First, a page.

The newly merged T-Mobile company has barely seen daylight, but it has already irritated one regulator enough that the risk of a lawsuit hovers on the horizon.

Jamie Davies

April 3, 2020

3 Min Read
New T-Mobile company has already opened itself up to a lawsuit

The newly merged T-Mobile company has barely seen daylight, but it has already irritated one regulator enough that the risk of a lawsuit hovers on the horizon.

As T-Mobile proclaimed the beginning of a new era, the California Public Utility Commission (CPUC) issued an order to the management team. The order stated T-Mobile and Sprint could not merge their operations until the CPUC had officially greenlit the transaction on April 16. This would appear to be little more than a bureaucratic tick-box exercise, as a local judge recently recommended the CPUC approve the deal.

However, in announcing the completion of the deal and beginning the integration process under new CEO Mike Sievert, the new T-Mobile team seemingly believes this procedure is not worth waiting for. Or, it implies the approval is not necessary.

The order from the CPUS states:

Public Utilities Code Section 854(a) states in relevant part that “[n]o person or corporation, whether or not organized under the laws of this state, shall merge, acquire, or control … either directly or indirectly, any public utility organized and doing business in this state without first securing authorization to do so from the commission.” Both Joint Applicants, T-Mobile and Sprint, have California subsidiaries that are public utility telephone corporations under state law, and subject to the jurisdiction of this agency. The merger of the companies’ operations in California is therefore subject to CPUC approval. Accordingly, Joint Applicants shall not begin merger of their California operations until after the CPUC issues a final decision on the pending applications.

In short, do not complete the merger without our approval.

As with all corporate announcements, the new release proclaiming the completion of the T-Mobile US and Sprint merger came with fine print detailing the risks which might cause plans to alter. The below extract is an interesting one:

…the risk of litigation or regulatory actions, including litigation or actions that may arise from T-Mobile’s consummation of the business combination during the pendency of the California Public Utility Commission’s review of the business combination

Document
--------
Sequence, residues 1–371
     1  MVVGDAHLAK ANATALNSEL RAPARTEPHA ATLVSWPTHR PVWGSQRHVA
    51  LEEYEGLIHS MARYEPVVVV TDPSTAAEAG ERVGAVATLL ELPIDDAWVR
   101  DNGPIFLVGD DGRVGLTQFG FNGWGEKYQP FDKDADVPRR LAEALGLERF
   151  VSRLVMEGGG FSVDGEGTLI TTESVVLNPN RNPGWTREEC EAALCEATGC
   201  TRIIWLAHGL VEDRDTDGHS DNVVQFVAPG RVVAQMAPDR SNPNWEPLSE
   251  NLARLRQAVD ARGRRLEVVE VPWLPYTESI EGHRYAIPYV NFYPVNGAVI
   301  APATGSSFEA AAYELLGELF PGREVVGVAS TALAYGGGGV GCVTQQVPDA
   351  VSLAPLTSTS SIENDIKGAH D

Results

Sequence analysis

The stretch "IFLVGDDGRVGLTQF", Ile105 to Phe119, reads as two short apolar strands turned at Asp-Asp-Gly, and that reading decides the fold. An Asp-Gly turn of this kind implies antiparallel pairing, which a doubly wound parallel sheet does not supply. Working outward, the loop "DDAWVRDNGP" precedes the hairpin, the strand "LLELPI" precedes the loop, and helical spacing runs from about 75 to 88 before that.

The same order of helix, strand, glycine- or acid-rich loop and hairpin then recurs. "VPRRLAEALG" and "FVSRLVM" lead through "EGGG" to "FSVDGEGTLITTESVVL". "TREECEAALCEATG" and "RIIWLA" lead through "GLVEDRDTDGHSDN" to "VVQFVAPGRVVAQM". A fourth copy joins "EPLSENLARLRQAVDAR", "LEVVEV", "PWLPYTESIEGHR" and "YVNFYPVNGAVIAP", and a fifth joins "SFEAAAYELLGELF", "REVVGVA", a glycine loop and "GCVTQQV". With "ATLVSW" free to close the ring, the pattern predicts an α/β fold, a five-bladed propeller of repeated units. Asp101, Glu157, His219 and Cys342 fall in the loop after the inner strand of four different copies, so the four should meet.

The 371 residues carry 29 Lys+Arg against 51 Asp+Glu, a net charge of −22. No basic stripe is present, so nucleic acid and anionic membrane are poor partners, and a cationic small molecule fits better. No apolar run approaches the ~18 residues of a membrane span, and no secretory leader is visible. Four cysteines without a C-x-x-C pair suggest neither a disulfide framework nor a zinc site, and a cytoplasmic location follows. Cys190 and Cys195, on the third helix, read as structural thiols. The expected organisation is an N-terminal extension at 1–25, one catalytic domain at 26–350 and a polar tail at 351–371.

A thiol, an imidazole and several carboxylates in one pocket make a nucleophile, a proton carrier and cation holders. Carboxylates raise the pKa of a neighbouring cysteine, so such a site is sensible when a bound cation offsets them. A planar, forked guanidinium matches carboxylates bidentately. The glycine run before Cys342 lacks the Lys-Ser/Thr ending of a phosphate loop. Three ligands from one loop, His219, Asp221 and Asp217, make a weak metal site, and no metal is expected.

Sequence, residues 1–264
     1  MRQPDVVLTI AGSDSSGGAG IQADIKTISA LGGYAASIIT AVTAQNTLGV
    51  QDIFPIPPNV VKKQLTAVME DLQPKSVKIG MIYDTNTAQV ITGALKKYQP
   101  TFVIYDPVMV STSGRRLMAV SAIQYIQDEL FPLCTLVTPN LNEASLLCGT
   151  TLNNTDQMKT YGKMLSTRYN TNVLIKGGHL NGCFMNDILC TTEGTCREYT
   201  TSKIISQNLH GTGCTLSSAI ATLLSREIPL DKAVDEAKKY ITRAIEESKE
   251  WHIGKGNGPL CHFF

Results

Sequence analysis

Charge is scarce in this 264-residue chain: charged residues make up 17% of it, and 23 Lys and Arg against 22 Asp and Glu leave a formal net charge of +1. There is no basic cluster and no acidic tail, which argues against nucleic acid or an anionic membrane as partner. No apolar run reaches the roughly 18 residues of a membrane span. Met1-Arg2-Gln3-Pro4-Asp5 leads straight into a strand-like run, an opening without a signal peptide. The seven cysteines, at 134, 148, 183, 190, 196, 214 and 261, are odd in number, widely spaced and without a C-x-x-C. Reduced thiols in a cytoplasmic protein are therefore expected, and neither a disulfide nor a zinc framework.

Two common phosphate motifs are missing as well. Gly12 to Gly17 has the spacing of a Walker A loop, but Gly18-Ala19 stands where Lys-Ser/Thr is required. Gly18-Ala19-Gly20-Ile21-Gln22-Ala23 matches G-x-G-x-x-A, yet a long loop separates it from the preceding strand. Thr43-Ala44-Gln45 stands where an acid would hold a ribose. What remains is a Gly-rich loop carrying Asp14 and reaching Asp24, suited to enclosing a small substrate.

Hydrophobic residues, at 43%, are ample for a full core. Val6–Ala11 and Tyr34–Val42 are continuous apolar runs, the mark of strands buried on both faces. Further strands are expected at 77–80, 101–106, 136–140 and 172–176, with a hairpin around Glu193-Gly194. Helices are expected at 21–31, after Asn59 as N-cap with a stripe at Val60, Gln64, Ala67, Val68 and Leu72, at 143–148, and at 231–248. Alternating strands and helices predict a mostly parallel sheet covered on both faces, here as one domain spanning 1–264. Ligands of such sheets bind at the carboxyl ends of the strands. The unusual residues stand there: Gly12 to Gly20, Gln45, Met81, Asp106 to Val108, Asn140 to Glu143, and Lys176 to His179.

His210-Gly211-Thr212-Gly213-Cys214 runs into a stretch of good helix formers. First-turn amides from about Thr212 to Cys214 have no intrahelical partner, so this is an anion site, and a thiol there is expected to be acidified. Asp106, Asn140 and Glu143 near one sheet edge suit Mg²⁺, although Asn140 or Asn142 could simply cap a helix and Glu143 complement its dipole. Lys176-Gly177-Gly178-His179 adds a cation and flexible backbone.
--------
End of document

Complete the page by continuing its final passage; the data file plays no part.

T-Mobile is effectively admitting to investors and analysts there is a risk it will be taken to court by the State of California and its regulatory authorities.

Ultimately, this is another version of the State versus Central Government saga which has plagued US bureaucracy for centuries. The State Governments retain the right to create localised legislation and regulation, though how this position overlaps with Federal Government rules has always been a point of contention.

In a separate filing made by T-Mobile, its lawyers believe the CPUC is overstepping its jurisdiction.

…The PD [proposed deal] erroneously asserts that the Commission has the authority to “approve the Merger” and impose conditions as a prerequisite to granting such approval. Both assertions conflict with federal law and the Commission’s own precedent.

In other words, the regulator does not have the power to submit additional requirements on T-Mobile in order to gain approval. This could have a significant impact on the way T-Mobile operates over the coming years.

One of the reasons the merger took so long to be greenlit was opposition from State Attorney Generals. Led by New York Attorney General Letitia James, a joint lawsuit was filed opposing the deal. To appease these objections, T-Mobile and Sprint made numerous commitments to the States, though this latest filing might be considered a way for T-Mobile to back out of these promises.

The ‘Proposed Deal’, as it is referred to in the legal document, includes almost 50 commitments which T-Mobile has made to the State of California ranging from data tariffs, 5G deployments and broadband. However, the lawyers are requesting the courts offer them grounds to change the ‘Proposed Deal’ which could have an impact on the commitments made to the court.

If it is accepted that the CPUC does not have the jurisdiction to make demands in exchange for the deal being approved, considering Federal approval has already been granted, it could offer an opportunity for T-Mobile to reshape the commitments it has made across the country. In the legal world, precedent is everything.

You May Also Like